The first week in his “big boy” toddler bed was a success. Then came the reality underneath the illusion of success. Each night endless tears began when he used go to sleep with just a book and a song. By the time he fell asleep he lost two hours of his typical sleep pattern. We were up multiple times in the night walking him back to his bed. Again, more tears. We stayed firm. We were consistent. We tried offering incentives. We tried ignoring. We tried comforting. We tried… everything. Believe me, we got plenty of advice from those who knew of our struggle. With every passing day I was more determined that our efforts not be in vain.

Six weeks after the transition to the toddler bed we moved him back to the crib. Sanity instantly returned to our home. He went to sleep and stayed asleep all night. We all looked forward to evenings again instead of dreading them. He was comfortable. He still needed the secure confines of the crib for whatever reason. I spent all of those nights trying to force something when it served all of us better had I tried to listen.

Back to the Crib 3Of course, some were highly critical. “He’s manipulating you,” they said. “Way to let him win,” they said. We were all cranky and sleep deprived and uncomfortable–I’m sure no one was winning.  One night I set the critics aside and listened to the heart of my child as he softly asked to sleep in the crib again. Up until that point he mostly had tears and excuses. Had I opened space for him to communicate, perhaps I’d have heard his underlying fears earlier.

Wouldn’t you know it, three months later we tried again with great success. We didn’t do anything different really. One day he asked about the big boy bed we temporarily placed in the corner of our bedroom. That day, he initiated the interest. No one called that manipulating, as they did when he tried to express his interest of staying in the crib, but I digress. That night he transitioned easily to the toddler bed. We all won.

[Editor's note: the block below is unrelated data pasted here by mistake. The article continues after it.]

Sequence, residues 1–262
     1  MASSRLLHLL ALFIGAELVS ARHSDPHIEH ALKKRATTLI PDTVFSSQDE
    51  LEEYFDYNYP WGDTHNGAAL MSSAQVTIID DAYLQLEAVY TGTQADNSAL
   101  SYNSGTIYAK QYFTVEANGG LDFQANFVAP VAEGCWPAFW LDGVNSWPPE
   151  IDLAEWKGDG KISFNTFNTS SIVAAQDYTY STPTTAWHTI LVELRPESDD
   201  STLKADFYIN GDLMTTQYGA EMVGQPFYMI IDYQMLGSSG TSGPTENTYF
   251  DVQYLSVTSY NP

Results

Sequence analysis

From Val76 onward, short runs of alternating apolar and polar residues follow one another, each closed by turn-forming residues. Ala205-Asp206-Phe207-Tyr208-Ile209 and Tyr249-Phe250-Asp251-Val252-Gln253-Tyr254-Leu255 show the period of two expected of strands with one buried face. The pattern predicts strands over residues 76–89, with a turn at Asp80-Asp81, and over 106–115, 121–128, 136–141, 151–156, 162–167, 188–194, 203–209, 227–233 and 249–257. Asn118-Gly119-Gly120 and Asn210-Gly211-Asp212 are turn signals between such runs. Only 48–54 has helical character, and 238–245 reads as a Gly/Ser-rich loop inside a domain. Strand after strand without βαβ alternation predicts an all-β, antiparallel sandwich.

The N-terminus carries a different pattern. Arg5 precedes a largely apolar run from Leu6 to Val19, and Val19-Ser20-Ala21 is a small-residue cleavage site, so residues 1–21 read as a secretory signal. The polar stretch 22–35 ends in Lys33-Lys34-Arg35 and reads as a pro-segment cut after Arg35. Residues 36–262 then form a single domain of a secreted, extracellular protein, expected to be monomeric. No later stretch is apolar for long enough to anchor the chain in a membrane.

Lynette is a mom of three children from newborn to age four. She appreciates the idea of staying connected but also that some seasons of life, like this one, leave her sleep-deprived and some days without shower. 

That Time I Tried to Potty Train an 18-Month-Old

Thursday, January 7th, 2016

Screen Shot 2016-01-03 at 2.59.53 PMWhat you need to know is that she was my first. I was terrified of making mistakes with her. So when I stood in line for her class that Sunday at church, I was stunned to see a man in front of me hand his toddler over the door–under her dress, no big, poofy diaper cover, but instead, tiny big-girl panties. Right there in line, I panicked.

Were there other kids her age that were also potty trained? Was she the only one her age still in diapers? Why hadn’t anyone warned me this was coming? I hadn’t even thought about that yet and now we were already behind. It was official: I was a terrible, neglectful mother.

That weekend, or maybe the next, I went out and bought training pants and a tiny princess potty that played music when you flushed. I read an article online about potty training in a weekend. Fantastic! We’d check this off this weekend. I thought about what to write in her baby book. Better take some pictures, too! I scrapbooked success vignettes in my head.